I agree with the Leader of the Opposition, too, that all possible steps should be taken to remove the administration of this law from the sphere of party politics, so that there can be no suggestion whatever of victimization in any prosecutions. The remarks of the Leader of the Opposition concerning the retrospectivity of certain provisions of the bill also deserve careful consideration. It is unfair to put into operation provisions of this kind of which the trading community had no warning whatever, particularly as such heavy penalties have been provided. It is human nature to bargain. The right to swap a horse on the best terms obtainable may be said to be a basic principle of trade in the British Empire, and, under existing conditions, we are taking away that right. It takes time to educate traders on such alterations of practice. Such changes come slowly to the knowledge of the general community.

Whilst there may have been some glaring offences against the prices regulations, the majority of the prosecutions have been for minor breaches.

Mr Blackburn - Only the small traders are prosecuted.

Mr COLES - It might impair the morale of the trading community if a law were passed rendering liable to prosecution a trader who, three or four months ago, sold, say, 1 lb. of potatoes at ½d. above the ruling price. The AttorneyGeneral should examine this point in the interests of the whole trading community, 95 per cent. of whom, I am sure, desire to observe the regulations and to do everything possible to destroy black marketing. It would be unfortunate if anything were done at this stage to destroy the spirit of goodwill that has been displayed by the trading community at large towards the Prices Commissioner, for he has a difficult job to do.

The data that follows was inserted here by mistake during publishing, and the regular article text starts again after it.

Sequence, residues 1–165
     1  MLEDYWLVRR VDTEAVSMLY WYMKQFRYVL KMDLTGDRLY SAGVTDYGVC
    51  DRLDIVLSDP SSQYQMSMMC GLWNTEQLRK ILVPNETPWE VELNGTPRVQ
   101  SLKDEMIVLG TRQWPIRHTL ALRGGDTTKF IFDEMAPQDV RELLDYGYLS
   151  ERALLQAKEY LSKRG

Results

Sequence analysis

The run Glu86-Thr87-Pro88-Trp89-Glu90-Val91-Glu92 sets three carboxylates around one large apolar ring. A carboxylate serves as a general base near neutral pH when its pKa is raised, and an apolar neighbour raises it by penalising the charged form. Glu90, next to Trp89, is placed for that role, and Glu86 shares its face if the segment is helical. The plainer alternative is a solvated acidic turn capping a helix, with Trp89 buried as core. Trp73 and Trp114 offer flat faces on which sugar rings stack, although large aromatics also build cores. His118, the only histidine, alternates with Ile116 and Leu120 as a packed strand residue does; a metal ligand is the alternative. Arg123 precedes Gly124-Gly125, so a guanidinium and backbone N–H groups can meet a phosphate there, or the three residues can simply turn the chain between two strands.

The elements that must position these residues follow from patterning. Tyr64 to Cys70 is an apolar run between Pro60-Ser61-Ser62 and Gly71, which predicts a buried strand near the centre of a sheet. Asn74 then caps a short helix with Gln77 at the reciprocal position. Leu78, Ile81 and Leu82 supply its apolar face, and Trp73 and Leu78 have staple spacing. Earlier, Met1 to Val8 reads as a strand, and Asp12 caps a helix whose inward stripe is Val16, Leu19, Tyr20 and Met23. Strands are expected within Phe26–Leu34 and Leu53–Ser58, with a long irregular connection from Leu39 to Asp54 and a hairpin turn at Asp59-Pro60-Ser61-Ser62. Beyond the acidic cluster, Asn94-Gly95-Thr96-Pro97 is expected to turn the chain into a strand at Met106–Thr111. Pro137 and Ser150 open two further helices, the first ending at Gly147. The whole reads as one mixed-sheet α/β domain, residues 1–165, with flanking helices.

I am pleased that offences against rationing have been dealt with in this measure. Rationing and the control of prices and marketing are closely interwoven. Black markets arise primarily because there is a shortage of goods and a surplus of spending power, and because controls are not applied at the right time and place. Some honorable gentlemen seem to have an erroneous impression that the main purpose of rationing is to reduce the spending power of the people, and thereby make more money available for loans and taxation. Rationing may have that effect, but its chief purpose is to ensure that goods in short supply shall be fairly distributed over the community and that people who have time and money at their disposal shall not be enabled to hoard goods in short supply to the disadvantage of other people in the community. Rationing is required to meet shortages, whether they be real or artificial - that is whether they be due to goods not being produced, or to positive government action to cause a shortage. Shortages may be caused bya limitation of manufacture, or by transport difficulties. Every one knows, for example, that there is no shortage of sugar in this country. We have an ample supply of sugar to meet our own needs and also to comply with our obligations to Great Britain, New Zealand, the

United States of America and other countries which we have undertaken to assist for the duration of the war. Transport facilities are so limited in Australia, however, that the rationing of supplies appeared to be necessary to ensure that a reasonable quantity of sugar shall be made available in the southern States for all consumers and that stocks shall be accumulated in case our internal transport should be interrupted by enemy action. If strict government control were not applied to sugar when it passes from the Colonial Sugar Kenning Company Limited to the wholesalers, rationing would probably be of no effect whatever, for ways and means would doubtless be found by more or less unscrupulous traders to make sugar available under conditions which would amount to black marketing. Rationing must in every case be associated with a shortage of supply, otherwise black marketing will continue. I therefore urge the Government not to attempt to apply rationing to goods unless there is a definite shortage, in consequence of either the insufficiency of raw material or positive government action. I commend the bill to honorable members.